Although the ICJ had many verbal criticisms of Israel, the peace movement ignores that the court did not create any legal barriers or obstacles to stop the ongoing crimes against Palestinians. One such crime is Israel’s plan to generate starvation in the Gaza Strip. There has never been widespread famine as it is happening in Gaza right now. Although food security was unstable before the conflict that started on October 7, less than 1% of children experienced severe acute malnutrition. Nearly every Gazan regardless of age is in danger right now, wherever they are in the region.

Additionally, the criminality of the international legal system is at issue. Israel now has the de facto green light from the ICJ to carry out the genocide, and the country began escalating its slaughter one week after the ruling. There are currently more Israel Defence Forces (IDF) personnel being deployed in the occupied West Bank, and crimes are being perpetrated there as well. IDF commanders in Gaza have ordered soldiers to set fire to non-combatants’ homes for the sole purpose of collective punishment. Plans to create a coherent network of Jewish colonies in Gaza were proposed within a few days following the ICJ ruling.

In response to Netanyahu, US President Joe Biden’s administration has decided to freeze financing for the UN Relief and Works Agency (UNRWA). The UNRWA provides food, shelter, healthcare, education and other necessities. As a result, this move is expected to lead to a collapse in social services, rising death, destruction, displacement and famine for the 5.9 million Palestinian refugees registered with UNRWA in East Jerusalem, the West Bank, Gaza, Jordan, Lebanon and Syria.

The Netanyahu-led Israeli Government has been accused of plausibly genocidal acts against Palestine by the Republic of South Africa, and the ICJ’s provisional measures order has given it a mandate to take all measures within its power to prevent and punish those who have committed genocidal acts. Does this seem incongruous? From a perverse legal perspective, the ICJ ruling suggests that Netanyahu’s cabinet, which was “appointed” to carry out the “prevent and punish” mission, cannot be held accountable for any “genocidal acts.” Essentially, this conflicting mandate — which was meant to save the Gaza population — gives the administration a reason to “prevent and punish” Palestinians for allegedly carrying out crimes of genocide against Israelis.

The Likud coalition administration, which was primarily in charge of organizing a comprehensive genocide strategy with the US’s collaboration before October 7, is not challenged politically in the ICJ judgment. It was anticipated that this vote would help spark a fresh round of illegal actions by the Netanyahu administration. Netanyahu had previously said that the slaughter was still happening on January 26: “We will not compromise on anything less than total victory … We are continuing until we eliminate Hamas…”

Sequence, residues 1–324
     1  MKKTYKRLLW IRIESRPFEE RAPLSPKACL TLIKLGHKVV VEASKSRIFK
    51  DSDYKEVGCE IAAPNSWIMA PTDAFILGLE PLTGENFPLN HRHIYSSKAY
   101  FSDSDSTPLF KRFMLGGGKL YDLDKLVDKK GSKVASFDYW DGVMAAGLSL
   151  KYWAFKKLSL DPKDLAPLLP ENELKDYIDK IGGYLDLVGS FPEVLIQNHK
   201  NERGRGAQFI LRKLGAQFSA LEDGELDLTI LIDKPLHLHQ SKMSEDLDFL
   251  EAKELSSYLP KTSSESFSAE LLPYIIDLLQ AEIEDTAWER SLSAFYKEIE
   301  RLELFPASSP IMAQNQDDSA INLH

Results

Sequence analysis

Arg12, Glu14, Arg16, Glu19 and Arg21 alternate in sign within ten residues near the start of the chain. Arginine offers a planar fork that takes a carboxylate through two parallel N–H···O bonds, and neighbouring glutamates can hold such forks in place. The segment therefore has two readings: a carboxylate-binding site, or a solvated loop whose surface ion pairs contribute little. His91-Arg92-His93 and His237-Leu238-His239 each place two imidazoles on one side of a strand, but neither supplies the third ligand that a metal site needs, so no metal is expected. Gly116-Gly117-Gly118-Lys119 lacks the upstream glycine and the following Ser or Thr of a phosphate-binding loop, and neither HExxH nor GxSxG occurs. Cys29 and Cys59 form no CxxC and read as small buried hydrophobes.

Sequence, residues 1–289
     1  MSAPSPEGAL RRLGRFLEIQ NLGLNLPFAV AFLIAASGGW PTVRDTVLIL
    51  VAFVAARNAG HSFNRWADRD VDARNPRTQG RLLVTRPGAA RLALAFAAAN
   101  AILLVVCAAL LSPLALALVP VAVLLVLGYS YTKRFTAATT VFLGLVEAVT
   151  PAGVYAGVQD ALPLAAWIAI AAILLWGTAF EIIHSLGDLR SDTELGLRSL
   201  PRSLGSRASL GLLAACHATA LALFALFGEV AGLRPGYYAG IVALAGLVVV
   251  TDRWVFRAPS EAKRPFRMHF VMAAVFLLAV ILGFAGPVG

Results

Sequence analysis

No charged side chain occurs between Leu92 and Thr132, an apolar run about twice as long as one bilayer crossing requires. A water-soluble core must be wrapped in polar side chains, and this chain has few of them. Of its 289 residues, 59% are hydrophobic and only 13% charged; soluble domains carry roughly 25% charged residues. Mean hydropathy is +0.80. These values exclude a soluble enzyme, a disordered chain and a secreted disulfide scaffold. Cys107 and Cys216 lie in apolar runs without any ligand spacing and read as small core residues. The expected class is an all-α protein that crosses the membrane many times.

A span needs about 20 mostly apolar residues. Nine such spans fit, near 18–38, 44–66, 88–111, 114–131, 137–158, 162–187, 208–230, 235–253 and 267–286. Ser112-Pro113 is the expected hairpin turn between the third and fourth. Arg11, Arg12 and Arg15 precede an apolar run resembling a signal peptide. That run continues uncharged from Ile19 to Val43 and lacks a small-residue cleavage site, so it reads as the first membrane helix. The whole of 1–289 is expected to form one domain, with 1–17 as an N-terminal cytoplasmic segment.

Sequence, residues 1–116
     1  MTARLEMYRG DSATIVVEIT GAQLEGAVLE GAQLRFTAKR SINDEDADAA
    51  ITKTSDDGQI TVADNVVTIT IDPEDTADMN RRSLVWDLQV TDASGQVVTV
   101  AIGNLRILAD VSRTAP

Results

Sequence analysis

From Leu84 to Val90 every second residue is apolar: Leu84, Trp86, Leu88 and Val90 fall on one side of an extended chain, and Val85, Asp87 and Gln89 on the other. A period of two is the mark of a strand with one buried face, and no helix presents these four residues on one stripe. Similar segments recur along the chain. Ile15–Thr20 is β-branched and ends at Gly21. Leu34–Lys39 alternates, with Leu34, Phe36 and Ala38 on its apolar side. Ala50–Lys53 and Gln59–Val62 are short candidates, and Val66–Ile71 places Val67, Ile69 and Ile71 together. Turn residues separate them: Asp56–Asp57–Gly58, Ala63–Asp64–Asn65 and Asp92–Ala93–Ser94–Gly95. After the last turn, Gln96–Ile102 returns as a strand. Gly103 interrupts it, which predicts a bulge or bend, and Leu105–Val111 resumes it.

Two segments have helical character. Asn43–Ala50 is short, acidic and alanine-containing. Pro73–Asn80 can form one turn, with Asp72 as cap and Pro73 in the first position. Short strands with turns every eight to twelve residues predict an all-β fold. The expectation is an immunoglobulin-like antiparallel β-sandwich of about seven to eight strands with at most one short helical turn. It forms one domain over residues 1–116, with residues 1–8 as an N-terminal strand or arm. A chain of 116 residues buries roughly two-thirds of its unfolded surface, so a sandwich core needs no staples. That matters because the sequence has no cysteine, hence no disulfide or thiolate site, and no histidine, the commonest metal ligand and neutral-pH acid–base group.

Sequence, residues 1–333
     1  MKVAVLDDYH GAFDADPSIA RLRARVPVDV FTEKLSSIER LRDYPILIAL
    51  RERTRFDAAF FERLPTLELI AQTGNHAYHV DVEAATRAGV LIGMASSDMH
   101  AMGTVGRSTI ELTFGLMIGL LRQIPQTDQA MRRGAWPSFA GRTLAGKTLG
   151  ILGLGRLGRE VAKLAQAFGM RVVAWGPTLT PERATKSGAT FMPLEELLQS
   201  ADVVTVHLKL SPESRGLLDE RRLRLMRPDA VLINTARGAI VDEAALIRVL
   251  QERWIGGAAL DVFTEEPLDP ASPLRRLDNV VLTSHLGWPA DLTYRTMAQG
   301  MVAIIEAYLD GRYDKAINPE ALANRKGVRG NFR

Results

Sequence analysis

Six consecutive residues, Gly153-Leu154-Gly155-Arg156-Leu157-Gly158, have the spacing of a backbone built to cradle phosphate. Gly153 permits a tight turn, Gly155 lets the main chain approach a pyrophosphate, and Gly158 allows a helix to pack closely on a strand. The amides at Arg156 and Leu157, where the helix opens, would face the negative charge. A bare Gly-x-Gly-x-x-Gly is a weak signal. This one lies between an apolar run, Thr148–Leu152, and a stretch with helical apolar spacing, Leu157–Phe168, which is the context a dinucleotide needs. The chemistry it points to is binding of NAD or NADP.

Pertinent questions in a grim future

The bogus celebration of a phony victory at The Hague has temporarily calmed the world’s fury. Israel’s genocide will persist as long as the US and its top justice at the ICJ continue to use fresh, deceptive rhetoric and postpone measures to keep the rest of the world away. 

The ICJ concedes that the State of Israel may have committed war crimes. Still, it vehemently rejects South Africa’s interim proposals, such as a ceasefire, which would have served to temporarily halt the continuous atrocities against the Palestinian people. Does the ICJ not consider this a criminal act that would undoubtedly cause many Palestinian civilian deaths? This means that while there are hollow and vacuous accusations made against the State of Israel, Netanyahu’s genocide remains essentially unaffected.

War crimes and conflicts have always been started by civilian politicians throughout history. The government that is determined to carry out genocide against the people of Palestine is the source of the illegal orders that the Israeli military has been obeying. And now that the ICJ ruling has been made, Israel’s CRRs can assign responsibility to the Israeli army.

Ironically, the Netanyahu coterie will be able to tighten its grip on the Israeli protest movement and single out Israelis who have firmly opposed the massacre thanks to the ICJ’s prevent and punish mandate. The judgment made on January 26 is temporary, and it may take years before the entirety of South Africa’s case is taken into consideration. That includes a definitive determination of whether or not Israel is engaging in genocide.

The only realistic way to put an end to this humanitarian crisis is through an immediate ceasefire. That should also clear the path for diplomatic negotiations to recognize and establish the state of Palestine. Considering Israel’s unwavering resolve and its influential supporters, this scenario sounds unlikely. But again, some weeks feel like decades. Even if the past 16 weeks have brought about unspeakable pain, loss and damage, they have also witnessed a significant change in support for the Palestinian cause.

Over 25% of Palestine’s population is in danger of starving as a result of a humanitarian crisis that has forced over 80% of the people into displacement. The ICJ’s verdict indicates this change in momentum. South Africa’s act of moral commitment, the isolation of Israel and its supporters — including the US and the UK — in international fora and the ongoing peace protests taking place across the world are hopeful signs for the future.

South Africa’s latest request for emergency measures must be granted at once. It is about time Israel’s supporters heeded the call of the times and instilled some common sense in Israel, both for the country’s sake and the benefit of all humanity.

[Lee Thompson-Kolar edited this piece.]